When I first learned about design thinking, one of the things that really struck me was how the focus was not so much about focusing on problems, but on imagining and testing out solutions. While this practice is often used by engineers to design new machines and processes, it can also be applied to many things in life. Too often I think we get stuck thinking about what is not working or what can’t be fixed rather than what is possible.
One of the tools I learned for this is called How Might I? Basically, you identify the problem or challenge you are trying to solve and then brainstorm solutions using the How Might I prompt. Whenever I start using this prompt, I always think about my great grandfather and Mr. Nemitz. They were both old farmers and had sort of a MacGyver approach to solving problems. My grandfather once stapled a hem in his pants because he didn’t have a needle and thread or the patience to hem them up. In the nursing home he would store his pop cans in the tank of the toilet to keep them cold. Having lived through the depression, he saved and made use of
everything. Mr. Nemitz was similar. He build a resort in Wisconsin that we stayed with as kids. Much of the resort was built with nails pounded out of old boards. The swing which became my favorite spot was cut from an old tire. We bought a piece of the property that was once the resort and continue to find buried artifacts or things that were pieced or patched together with various materials.
I’ve learned to do a bit of this myself. My personal go to tool is bailing wire. This orange twine can be used to fix, tie or hang up almost anything. Currently it holds my wagon together, holds up my overgrown and heavy cilantro, hangs my utility knife right where I can find it, and hangs a sign on my chicken coop. Often when something breaks, my question is “how might I use bailing wire to fix this?”
This simple prompt can be used for more process driven challenges too. I remember working with a group of teachers who were really struggling with their math curriculum and schedule. It was scheduled at the end of the day and the students were at many different levels. As the discussion began, everyone focused on the challenges we were facing. We kept getting more and more frustrated by the restrictions which we couldn’t seem to work around. But then we switched our thinking from focusing on the problem to “how might we?” We asked, “How might we create a math experience that engages and meets the learning needs of all our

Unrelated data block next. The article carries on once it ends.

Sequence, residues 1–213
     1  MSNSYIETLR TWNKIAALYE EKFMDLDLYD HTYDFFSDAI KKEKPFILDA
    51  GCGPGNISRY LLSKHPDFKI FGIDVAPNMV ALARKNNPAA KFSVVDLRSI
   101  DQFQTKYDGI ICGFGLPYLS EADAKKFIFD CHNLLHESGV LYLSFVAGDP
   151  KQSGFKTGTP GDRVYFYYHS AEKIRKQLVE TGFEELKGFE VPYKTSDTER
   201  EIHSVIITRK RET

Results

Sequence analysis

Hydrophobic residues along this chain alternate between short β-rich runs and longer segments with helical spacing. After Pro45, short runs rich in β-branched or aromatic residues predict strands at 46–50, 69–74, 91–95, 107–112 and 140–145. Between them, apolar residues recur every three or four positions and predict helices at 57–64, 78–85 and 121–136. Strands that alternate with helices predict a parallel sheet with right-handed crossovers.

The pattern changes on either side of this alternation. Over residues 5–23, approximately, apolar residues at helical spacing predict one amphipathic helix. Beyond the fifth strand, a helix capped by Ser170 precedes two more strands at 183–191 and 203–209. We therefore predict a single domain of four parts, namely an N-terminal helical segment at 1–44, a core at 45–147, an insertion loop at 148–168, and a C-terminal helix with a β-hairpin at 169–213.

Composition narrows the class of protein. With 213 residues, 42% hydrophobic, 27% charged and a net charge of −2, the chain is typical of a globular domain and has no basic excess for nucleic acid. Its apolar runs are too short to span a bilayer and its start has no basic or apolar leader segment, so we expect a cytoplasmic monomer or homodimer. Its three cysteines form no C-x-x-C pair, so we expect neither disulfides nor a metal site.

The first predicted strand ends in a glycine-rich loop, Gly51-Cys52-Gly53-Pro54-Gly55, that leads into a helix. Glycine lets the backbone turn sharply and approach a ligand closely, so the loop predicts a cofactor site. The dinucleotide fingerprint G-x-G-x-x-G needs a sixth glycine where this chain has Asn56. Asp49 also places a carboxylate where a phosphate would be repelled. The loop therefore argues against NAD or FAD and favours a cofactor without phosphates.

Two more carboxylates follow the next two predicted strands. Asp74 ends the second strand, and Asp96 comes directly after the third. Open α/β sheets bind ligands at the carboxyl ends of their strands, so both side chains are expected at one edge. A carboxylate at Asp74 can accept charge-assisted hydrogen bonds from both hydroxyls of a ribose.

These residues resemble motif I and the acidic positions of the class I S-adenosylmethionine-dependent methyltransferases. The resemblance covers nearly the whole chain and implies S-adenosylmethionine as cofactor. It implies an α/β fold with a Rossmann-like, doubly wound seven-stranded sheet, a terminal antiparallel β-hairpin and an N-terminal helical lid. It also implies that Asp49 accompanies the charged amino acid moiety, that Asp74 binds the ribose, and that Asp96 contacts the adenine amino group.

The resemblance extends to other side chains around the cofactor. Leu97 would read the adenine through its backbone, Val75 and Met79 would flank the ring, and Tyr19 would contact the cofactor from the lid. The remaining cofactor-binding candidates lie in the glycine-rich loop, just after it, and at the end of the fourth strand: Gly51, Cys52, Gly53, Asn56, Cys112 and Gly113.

students?” Once we started to gain a little momentum with our brainstorming, the ideas flowed. We ended up creating an exciting new way to teach math where kids were able to rotate through activities, get individual help, and work in teams. It took a bit of testing and refining, but in the end, it was a great solution to our challenge.
One summer, I was talking with some moms and we were all complaining about how the summer flies by so fast and that now that our kids were getting older
we just weren’t connecting with them anymore. We continued to complain and really couldn’t think of anyway to fix teeanagers who just wanted to sit in their room and play video games. Discouraged, but not willing to give up, I invited the moms over to do some design thinking with me. We asked, “how might we create summer experiences and memories for our families?” We brainstormed and shared ideas and each went home with our plans. While not perfect, at the end of the summer, each of us had experiences and memories to share that were initiated because of our design thinking work and How might I question.
What are you stuck on right now? Is there some area of your life that just isn’t going the way you want it to or needs to be fixed? If you can’t fix it with bailing wire, try using the How Might I prompt. Try to think about it in terms of the solution you want to create, not the problem. For example, you might say, “how might I get my kids to empty the dishwasher?” or you can say, “how might I inspire my kids to help around the house without my nagging or prompting?” Both questions work, but you might get a better outcome with the second question. Once you have your How Might I prompt, brainstorm as many ideas as you can. Really let loose and don’t censor your ideas. Maybe even include others. Sometimes an idea will be so exciting you will just want to start implementing it right away. Other times you might have to sort through the ideas, combine or rearrange them or even brainstorm more to come up with something you are willing to try. Then just try it and see what happens. You’ll probably have to use the How Might I prompt again as you test out and refine your solution. Just give it a try!